This is part two of a two part interview with Carol Owens and Stephanie Swales about their book Psychoanalysing Ambivalence with Freud and Lacan: On and Off the Couch (Routledge, 2019) Taking a deep dive into contemporary Western culture, this book suggests we are all fundamentally ambivalent beings. A great deal has been written about how to love - to be kinder, more empathic, a better person, and so on. But trying to love without dealing with our ambivalence, with our hatred, is often a recipe for failure. Any attempt, therefore, to love our neighbour as ourselves - or even, for that matter, to love ourselves - must recognise that we love where we hate and we hate where we love. Psychoanalysis, beginning with Freud, has claimed that to be in two minds about something or someone is characteristic of human subjectivity. Owens and Swales trace the concept of ambivalence through its various iterations in Freudian and Lacanian psychoanalysis in order to question how the contemporary subject deals with its ambiva

  • C. Owens and S. Swales (Part 1), "Psychoanalysing Ambivalence with Freud and Lacan: On and Off the Couch" (Routledge, 2019)

    23/06/2021 Duration: 59min

    This is part one of a two part interview with Carol Owens and Stephanie Swales about their book Psychoanalysing Ambivalence with Freud and Lacan: On and Off the Couch  (Routledge, 2019) Taking a deep dive into contemporary Western culture, this book suggests we are all fundamentally ambivalent beings. A great deal has been written about how to love - to be kinder, more empathic, a better person, and so on. But trying to love without dealing with our ambivalence, with our hatred, is often a recipe for failure. Any attempt, therefore, to love our neighbour as ourselves - or even, for that matter, to love ourselves - must recognise that we love where we hate and we hate where we love. Psychoanalysis, beginning with Freud, has claimed that to be in two minds about something or someone is characteristic of human subjectivity. Owens and Swales trace the concept of ambivalence through its various iterations in Freudian and Lacanian psychoanalysis in order to question how the contemporary subject deals with its ambiv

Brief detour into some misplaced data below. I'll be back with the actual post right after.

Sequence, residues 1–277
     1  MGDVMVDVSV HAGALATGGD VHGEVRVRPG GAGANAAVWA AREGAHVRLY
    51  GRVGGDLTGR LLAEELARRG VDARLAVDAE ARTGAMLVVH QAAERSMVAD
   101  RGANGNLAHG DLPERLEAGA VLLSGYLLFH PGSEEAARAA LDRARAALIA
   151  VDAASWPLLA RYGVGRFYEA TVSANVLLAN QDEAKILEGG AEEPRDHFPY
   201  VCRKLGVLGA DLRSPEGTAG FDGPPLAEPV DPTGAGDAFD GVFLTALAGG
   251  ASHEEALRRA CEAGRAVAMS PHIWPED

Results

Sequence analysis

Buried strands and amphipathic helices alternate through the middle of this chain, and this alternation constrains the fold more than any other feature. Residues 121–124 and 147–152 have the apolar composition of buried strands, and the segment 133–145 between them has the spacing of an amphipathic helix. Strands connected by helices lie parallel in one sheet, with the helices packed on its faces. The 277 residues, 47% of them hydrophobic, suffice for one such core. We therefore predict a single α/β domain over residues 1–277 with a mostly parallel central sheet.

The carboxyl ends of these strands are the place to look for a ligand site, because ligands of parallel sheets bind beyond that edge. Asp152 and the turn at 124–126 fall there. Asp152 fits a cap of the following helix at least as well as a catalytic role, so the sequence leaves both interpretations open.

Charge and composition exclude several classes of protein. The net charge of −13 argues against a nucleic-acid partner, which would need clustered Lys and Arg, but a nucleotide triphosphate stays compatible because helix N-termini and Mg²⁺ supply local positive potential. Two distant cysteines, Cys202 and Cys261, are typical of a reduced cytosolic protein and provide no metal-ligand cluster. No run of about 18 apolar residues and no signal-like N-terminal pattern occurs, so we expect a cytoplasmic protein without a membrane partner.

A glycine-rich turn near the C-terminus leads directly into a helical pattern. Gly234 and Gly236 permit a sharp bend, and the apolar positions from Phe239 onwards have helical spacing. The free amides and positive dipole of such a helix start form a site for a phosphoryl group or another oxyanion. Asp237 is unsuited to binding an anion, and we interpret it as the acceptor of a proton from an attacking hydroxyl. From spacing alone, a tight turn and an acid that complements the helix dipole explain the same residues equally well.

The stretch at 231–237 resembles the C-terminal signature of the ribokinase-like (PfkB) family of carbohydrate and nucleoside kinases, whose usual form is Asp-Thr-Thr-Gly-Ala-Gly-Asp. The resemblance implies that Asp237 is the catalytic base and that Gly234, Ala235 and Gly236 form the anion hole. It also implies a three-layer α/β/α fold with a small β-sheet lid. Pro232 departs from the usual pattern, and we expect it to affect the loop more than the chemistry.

• George Szmukler, "Men in White Coats: Treatment Under Coercion" (Oxford UP, 2017)

    09/06/2021 Duration: 01h30min

    The laws that govern psychiatric treatment under coercion have remain largely unchanged since the eighteenth century. But this is not because of their effectiveness, rather, these laws cling to outdated notions of disability, mental illness and mental disorder why deny the fundamental rights of this category of people on an equal basis with all others. In Men in White Coats: Treatment Under Coercion (Oxford University Press, 2017) Professor George Szmukler examines the violation of these rights, such as the right to autonomy, self-determination, liberty, and security and integrity of the person in the context of the domestic laws which themselves perpetuate ongoing discrimination against people with mental impairments. Tracing first the history of the medical coercion and involuntary treatment of people with mental illnesses and mental disorders, Professor Szmukler offers a potential path which he argues would end discrimination against this category of people. He puts forward a legal framework which is non-d

  • Neil Altman, "White Privilege: Psychoanalytic Perspectives" (Routledge, 2020)

    08/06/2021 Duration: 56min

    Neil Altman’s White Privilege: Psychoanalytic Perspectives (Routledge, 2020) is a slip (80 pages including references and the index) of a book that reads as both addendum and antidote to some of the literature aimed at waking white people (Ta-Nahesi-Coates’ “dreamers”) up to the realities of racism. I say antidote as some of that literature (the work of Robin Di Angelo and Ibram X. Kendi come to mind) seems to depend on commands from the super ego to shed the scales from white eyes. On finishing Di Angelo’s White Fragility (which was required reading last summer) I felt both paranoid and ashamed and had to wonder how self-policing was going diminish my racism? Altman’s book intervenes precisely in this potentially deleterious cycle arguing that anti-racist thinking that relies on “should” and “oughts”, are potentially doomed to fail. By attacking the defenses rather than softening them, such efforts run the risk of hardening the racism they set out to transform. Humans hate. Freud tells us it is our first fee

page 1 from 12